Weekly dilemma: Hours of work and rest periods

I’m starting a new business, which may require staff to work at night and around the clock. How do I ensure that I’m complying with the law on rest breaks and periods?

You will have to comply with the Working Time Regulations 1998, which impose a number of obligations on employers in relation to working time and rest breaks, as well as restrictions on night-time working. The Regulations apply to most workers, with a few exceptions for those who are self-employed, mobile workers, surveillance or security staff, the armed forces and the police.

In addition, you have a duty as an employer to take all reasonable steps to protect the health and safety of your staff. That includes making sure they do not work on average for more than 48 hours over a seven-day period, unless they have agreed, in writing, to “opt out” of this rule.

Generally, workers aged 18 and over are entitled to at least:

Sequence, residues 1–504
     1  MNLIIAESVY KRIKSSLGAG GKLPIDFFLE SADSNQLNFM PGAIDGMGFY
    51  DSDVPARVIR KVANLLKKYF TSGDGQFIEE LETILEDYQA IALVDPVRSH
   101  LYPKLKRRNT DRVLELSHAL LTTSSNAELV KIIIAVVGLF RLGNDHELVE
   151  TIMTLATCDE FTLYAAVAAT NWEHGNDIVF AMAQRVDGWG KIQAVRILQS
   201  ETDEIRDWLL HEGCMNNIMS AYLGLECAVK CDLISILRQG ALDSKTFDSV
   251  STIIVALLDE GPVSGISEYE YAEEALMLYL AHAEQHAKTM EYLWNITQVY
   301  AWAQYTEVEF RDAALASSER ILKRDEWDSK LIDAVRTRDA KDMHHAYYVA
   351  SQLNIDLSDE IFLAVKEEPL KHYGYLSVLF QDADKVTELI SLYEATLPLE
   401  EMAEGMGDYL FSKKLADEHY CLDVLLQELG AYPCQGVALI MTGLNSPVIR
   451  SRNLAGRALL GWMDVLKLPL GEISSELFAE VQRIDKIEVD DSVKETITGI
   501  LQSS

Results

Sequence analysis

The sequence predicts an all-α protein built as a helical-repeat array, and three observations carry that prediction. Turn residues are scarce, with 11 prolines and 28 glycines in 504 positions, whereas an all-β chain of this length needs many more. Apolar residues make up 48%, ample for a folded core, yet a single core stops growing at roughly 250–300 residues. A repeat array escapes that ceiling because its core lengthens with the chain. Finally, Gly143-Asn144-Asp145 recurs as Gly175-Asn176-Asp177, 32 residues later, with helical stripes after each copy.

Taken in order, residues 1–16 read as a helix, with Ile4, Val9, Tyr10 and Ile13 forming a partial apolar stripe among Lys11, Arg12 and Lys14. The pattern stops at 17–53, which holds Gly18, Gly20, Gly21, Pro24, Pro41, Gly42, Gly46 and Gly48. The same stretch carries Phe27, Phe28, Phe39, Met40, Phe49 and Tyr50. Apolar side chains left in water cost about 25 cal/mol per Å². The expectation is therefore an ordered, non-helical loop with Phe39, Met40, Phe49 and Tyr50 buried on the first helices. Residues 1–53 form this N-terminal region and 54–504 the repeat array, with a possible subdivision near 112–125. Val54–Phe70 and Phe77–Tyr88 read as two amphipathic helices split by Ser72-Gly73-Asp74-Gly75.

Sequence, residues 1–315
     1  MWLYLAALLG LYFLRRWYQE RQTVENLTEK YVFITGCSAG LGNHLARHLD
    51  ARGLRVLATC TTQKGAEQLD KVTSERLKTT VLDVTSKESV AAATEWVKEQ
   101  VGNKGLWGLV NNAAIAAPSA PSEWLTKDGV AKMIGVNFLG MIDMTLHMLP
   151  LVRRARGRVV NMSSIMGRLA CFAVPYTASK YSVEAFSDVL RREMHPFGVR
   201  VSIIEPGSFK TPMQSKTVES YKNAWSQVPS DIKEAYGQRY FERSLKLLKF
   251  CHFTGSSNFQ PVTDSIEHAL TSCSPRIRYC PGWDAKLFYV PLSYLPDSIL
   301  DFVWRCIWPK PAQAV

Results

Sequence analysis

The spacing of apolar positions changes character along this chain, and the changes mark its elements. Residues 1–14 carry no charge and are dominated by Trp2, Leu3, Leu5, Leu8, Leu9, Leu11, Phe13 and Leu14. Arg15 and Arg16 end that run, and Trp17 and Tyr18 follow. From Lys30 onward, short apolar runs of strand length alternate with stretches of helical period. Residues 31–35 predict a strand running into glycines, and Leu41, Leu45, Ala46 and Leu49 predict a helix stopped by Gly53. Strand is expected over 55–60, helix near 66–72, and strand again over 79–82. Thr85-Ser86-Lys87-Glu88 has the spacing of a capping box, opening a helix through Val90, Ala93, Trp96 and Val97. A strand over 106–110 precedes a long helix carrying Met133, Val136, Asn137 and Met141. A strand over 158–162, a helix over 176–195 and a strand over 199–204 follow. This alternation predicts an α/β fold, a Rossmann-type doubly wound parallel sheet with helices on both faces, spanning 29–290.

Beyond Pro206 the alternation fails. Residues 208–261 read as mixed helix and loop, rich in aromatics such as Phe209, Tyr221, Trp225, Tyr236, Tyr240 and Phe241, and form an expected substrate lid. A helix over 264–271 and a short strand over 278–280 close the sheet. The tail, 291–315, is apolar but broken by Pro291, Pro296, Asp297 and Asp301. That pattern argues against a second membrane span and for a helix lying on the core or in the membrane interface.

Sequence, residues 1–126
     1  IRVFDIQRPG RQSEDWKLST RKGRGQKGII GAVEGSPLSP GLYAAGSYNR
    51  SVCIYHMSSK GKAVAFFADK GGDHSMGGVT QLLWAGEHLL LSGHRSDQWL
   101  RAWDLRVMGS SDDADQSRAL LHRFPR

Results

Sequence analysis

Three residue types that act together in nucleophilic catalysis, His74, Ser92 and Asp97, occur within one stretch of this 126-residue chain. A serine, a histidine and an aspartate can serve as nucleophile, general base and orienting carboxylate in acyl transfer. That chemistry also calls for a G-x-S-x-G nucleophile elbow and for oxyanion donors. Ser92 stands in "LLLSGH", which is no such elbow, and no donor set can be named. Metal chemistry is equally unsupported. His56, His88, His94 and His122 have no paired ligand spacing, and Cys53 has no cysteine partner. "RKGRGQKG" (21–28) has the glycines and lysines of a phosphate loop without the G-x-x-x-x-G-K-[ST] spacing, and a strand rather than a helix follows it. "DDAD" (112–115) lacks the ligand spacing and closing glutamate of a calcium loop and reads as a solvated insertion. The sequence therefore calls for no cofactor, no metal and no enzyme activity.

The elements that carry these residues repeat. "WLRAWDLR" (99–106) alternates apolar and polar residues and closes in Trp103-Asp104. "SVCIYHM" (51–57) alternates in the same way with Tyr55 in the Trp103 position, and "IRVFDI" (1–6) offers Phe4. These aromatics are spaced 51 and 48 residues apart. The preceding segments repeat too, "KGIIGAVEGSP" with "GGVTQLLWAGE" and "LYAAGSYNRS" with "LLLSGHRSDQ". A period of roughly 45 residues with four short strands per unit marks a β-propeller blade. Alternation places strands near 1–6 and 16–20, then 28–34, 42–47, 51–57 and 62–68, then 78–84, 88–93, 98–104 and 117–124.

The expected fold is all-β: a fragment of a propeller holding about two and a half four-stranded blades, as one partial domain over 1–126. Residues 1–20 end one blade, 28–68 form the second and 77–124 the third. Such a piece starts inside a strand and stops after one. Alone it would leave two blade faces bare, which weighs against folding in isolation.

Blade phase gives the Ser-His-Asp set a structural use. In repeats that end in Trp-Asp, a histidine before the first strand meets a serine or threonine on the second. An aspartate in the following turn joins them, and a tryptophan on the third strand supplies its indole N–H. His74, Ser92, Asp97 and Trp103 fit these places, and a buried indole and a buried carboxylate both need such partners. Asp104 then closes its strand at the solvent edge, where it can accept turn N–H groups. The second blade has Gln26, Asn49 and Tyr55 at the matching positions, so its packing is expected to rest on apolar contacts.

• 11 hours’ uninterrupted rest per day;
  • 24 hours’ uninterrupted rest per week or 48 hours’ uninterrupted rest per fortnight; and
  • a rest break of 20 minutes if the working day is more than six hours.

If you are planning to hire young workers, be aware that even stricter rules apply to those aged under 18 but who are above the compulsory school age.

You mention night work as well, to which special rules apply. The Regulations define a “night worker” as someone who works at least three hours during night time on the majority of days they work. In practice, night working usually means working between the hours of 11pm and 6am.

The normal working hours of an adult night worker must not exceed an average of eight hours in a 24-hour period, including overtime.

It is your job as the employer to make sure that all staff adhere to these working time and rest break limits. If the jobs at hand involve special hazards or heavy physical or mental effort, then employees must not be made to work more than eight hours (as opposed to an average of eight hours) in any 24-hour period.

As far as night working is concerned, make sure that you identify potential work hazards, assess the risk of harm and take all reasonable steps to ensure the health and safety of your staff.

Emma Dickinson, solicitor, Simpson Millar LLP

Get answers to more questions on the Working Time Regulations 1998:

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